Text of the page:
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cogitech 26th March 2013 04:13 PM

Simple DIY Rectifier?
 
Hello all,

I am currently building (cobbling together) a hybrid integrated amp.

The tube pre-amp board requires ~12v AC

The amp board (Tripath 2020) requires ~12v DC

I currently have:

- 110/120vac-to-12vac transformer rated at 3.33 amps

- 110/120vac-to-12vdc transformer rated at 2 amps

It all works quite well during testing (see photo), however I would like remove the DC supply and implement a simple rectifier between the 12vac supply and the amp board.

http://www.cogitech.ca/photos/speake...d_Amp_Test.jpg

I have read and understand the theory of a diode bridge and output smoothing. Diode bridge - Wikipedia, the free encyclopedia

I have a box full of spare parts with all kinds of the square metal bridge rectifiers and capacitors.

Is it as simple as hooking the 12vac leads to the AC terminals of the bridge rectifier and then connect the load to the DC terminals, with a large capacitor in parallel?

http://upload.wikimedia.org/wikipedi...othing.svg.png

cogitech 26th March 2013 04:17 PM

By the way, the pre-amp board only draws a max of .833 amps from the 12vac supply, which would leave 2.5 amps for the amp board, which is still more current than the dedicated 12vdc supply.

Another question; with that huge Mallory in the picture, is a paralelled "output smoothing" cap still necessary?

Mihkus 26th March 2013 04:38 PM

That longass wires to the cap is like 1000uf cap on pcb.
Try 10k uF on pcb it might sound a bit better.

And 12V supply, well thats way too low

cogitech 26th March 2013 04:40 PM

Actually, stock configuration had 3300uF on PCB.

It sounds much better this way, and this is a test setup. Things will be optimized/relocated during final build.

But this is off-topic anyway. Do you have any comments about simple 12vac to 12vdc rectification?

DF96 26th March 2013 04:52 PM

If you rectify 12V AC RMS you get about 16V DC, not 12V DC.

cogitech 26th March 2013 04:54 PM

Quote:

Originally Posted by DF96 (Post 3428395)
If you rectify 12V AC RMS you get about 16V DC, not 12V DC.

Interesting. This seems important!

So the next question is, how to I bring that back down to 12v? Resistance?

Looks like I found my answer... http://www.raltron.com/cust/tools/voltage_divider.asp

But if you have any other pointers, I'd be happy to hear them. :)

cogitech 26th March 2013 05:14 PM

According to the TA2020 white paper, it looks like I can safely run it at 13.5-14 volts without issue, so I will aim for that when designing my voltage divider circuit.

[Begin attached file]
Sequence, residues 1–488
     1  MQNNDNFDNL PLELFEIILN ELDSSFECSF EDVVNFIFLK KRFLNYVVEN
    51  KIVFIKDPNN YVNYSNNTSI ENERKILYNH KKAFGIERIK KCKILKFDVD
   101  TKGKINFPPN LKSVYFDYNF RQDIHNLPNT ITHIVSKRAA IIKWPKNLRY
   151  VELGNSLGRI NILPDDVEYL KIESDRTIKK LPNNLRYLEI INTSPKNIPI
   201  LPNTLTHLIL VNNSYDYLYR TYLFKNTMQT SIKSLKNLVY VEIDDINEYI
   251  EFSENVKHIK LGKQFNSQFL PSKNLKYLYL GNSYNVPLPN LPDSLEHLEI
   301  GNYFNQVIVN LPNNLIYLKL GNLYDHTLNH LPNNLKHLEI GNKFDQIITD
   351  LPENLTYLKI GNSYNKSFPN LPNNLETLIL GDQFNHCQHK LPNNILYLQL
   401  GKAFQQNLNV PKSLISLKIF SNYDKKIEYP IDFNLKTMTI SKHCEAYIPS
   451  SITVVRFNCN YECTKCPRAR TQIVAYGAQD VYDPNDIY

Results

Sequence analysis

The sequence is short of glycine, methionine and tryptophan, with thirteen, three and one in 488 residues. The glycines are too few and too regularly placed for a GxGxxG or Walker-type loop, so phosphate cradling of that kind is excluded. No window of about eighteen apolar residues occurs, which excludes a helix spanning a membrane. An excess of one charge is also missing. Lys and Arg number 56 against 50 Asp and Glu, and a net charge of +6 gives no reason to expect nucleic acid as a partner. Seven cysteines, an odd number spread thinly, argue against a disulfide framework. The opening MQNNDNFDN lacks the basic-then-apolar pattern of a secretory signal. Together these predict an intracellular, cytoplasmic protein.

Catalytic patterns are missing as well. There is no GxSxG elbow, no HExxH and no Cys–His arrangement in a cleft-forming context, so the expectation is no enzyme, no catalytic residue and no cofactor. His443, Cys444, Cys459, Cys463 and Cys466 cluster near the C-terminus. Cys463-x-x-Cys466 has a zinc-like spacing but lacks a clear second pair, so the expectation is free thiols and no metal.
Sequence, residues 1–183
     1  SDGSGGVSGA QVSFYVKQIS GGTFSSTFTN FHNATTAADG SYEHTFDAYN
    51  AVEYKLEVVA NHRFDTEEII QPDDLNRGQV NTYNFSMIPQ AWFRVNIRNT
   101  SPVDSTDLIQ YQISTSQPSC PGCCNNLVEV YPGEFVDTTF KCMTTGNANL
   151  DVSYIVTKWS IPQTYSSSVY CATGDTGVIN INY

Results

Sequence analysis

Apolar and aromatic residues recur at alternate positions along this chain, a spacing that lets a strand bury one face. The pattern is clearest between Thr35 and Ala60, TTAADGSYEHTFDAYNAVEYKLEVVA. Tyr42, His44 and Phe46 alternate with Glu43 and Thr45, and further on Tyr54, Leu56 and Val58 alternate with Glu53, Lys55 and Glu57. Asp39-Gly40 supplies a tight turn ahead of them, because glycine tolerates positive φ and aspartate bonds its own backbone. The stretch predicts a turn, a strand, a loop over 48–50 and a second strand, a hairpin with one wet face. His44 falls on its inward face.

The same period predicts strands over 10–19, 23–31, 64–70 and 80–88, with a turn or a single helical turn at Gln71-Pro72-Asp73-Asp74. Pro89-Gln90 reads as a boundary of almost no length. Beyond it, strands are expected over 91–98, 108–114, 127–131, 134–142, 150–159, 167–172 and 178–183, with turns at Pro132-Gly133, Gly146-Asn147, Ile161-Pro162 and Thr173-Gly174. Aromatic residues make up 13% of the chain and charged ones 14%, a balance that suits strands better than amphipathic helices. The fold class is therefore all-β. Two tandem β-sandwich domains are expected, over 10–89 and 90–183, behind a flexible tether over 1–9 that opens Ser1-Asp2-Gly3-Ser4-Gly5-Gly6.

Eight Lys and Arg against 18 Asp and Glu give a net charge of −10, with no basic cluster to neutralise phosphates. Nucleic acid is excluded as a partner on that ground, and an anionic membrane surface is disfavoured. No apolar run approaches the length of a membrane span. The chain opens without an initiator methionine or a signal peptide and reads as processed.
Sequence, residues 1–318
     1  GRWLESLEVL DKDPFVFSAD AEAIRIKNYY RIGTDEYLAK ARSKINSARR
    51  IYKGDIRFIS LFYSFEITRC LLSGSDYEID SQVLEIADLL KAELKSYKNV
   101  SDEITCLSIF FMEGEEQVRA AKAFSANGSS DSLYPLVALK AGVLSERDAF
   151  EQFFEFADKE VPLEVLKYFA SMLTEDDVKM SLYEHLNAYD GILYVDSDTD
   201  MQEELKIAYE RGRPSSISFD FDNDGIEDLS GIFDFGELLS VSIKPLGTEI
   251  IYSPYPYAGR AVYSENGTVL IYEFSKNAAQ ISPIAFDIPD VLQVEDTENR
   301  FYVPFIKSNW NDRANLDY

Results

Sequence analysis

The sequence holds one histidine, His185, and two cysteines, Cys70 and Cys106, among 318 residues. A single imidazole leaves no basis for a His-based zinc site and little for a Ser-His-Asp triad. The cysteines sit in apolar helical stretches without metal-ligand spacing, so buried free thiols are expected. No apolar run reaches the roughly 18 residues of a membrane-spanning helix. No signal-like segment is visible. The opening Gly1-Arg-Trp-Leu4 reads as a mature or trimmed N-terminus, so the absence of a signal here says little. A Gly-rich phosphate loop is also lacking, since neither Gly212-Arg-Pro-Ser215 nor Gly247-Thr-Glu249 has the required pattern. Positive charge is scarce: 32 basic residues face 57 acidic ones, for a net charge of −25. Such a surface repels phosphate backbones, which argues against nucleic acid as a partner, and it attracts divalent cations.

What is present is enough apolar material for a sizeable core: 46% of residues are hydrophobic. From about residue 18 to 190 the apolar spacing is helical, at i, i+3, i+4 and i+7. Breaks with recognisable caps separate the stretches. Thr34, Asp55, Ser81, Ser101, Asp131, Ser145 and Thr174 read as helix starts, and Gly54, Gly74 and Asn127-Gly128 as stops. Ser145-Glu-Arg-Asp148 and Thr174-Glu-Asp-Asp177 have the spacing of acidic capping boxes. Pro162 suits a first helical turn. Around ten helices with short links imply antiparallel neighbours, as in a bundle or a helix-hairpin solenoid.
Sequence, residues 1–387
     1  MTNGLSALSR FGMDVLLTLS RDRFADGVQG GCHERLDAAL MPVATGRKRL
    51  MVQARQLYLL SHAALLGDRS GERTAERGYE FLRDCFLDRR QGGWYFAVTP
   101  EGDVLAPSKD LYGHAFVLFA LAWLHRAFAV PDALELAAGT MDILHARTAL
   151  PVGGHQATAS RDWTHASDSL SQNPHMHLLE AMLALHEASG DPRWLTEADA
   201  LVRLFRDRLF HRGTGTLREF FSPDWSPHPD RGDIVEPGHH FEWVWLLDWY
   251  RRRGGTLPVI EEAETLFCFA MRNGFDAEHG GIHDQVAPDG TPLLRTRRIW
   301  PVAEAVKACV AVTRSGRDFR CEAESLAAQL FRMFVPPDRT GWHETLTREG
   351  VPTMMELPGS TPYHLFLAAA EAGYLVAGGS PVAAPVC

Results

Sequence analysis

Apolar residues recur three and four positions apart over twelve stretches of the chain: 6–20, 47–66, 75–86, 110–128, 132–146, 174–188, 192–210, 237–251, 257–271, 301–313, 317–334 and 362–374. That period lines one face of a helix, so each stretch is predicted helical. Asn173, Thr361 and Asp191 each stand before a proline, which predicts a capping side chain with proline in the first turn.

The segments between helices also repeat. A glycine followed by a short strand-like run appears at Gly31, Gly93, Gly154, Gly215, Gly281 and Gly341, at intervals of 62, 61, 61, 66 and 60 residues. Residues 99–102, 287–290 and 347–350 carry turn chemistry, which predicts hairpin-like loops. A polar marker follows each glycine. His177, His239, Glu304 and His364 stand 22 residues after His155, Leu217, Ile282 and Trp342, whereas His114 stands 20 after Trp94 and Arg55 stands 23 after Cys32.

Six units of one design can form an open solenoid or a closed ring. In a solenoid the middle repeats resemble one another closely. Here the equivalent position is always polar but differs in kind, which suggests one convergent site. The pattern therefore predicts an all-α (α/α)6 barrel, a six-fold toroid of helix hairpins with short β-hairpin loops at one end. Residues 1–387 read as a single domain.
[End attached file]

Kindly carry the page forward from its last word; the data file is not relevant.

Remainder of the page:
FoMoCo 26th March 2013 05:21 PM

Quote:

Originally Posted by Mihkus (Post 3428365)
That longass wires to the cap is like 1000uf cap on pcb.

No. More like a 10,000 uF cap in series with a small amount of inductance and resistance. If there's decoupling on the PCB, those wires aren't that big of a deal. It's not pretty, it's not good engineering practice, but it will work perfectly fine. In no case does the capacitance change!

Quote:

Originally Posted by DF96 (Post 3428395)
If you rectify 12V AC RMS you get about 16V DC, not 12V DC.

+1
Since the OP doesn't seem to understand this, the formula would be 1.414 x 12, minus two diode drops.

Quote:

Originally Posted by cogitech (Post 3428400)
So the next question is, how to I bring that back down to 12v? Resistance?

Voltage regulator. But, most cheap and dirty three terminal regulators won't do the job because of the 4 volt drop.

Quote:

Originally Posted by cogitech (Post 3428400)
Looks like I found my answer... Voltage Divider Calculator

Not hardly. This isn't viable for more than milli-amps.

sofaspud 26th March 2013 05:26 PM

Why don't you use a voltage regulator?

cogitech 26th March 2013 05:27 PM

Quote:

Originally Posted by FoMoCo (Post 3428438)
No. More like a 10,000 uF cap in series with a small amount of inductance and resistance. If there's decoupling on the PCB, those wires aren't that big of a deal. It's not pretty, it's not good engineering practice, but it will work perfectly fine. In no case does the capacitance change!

This is what my gut was telling me, but I don't know much about electronics so I decided to keep my mouth shut.


Quote:

Voltage regulator. But, most cheap and dirty three terminal regulators won't do the job because of the 4 volt drop.

Not hardly. This isn't viable for more than milli-amps.
Hmmm. OK. Well, I really only need to drop down to 14 volts. Not sure how much that changes things.


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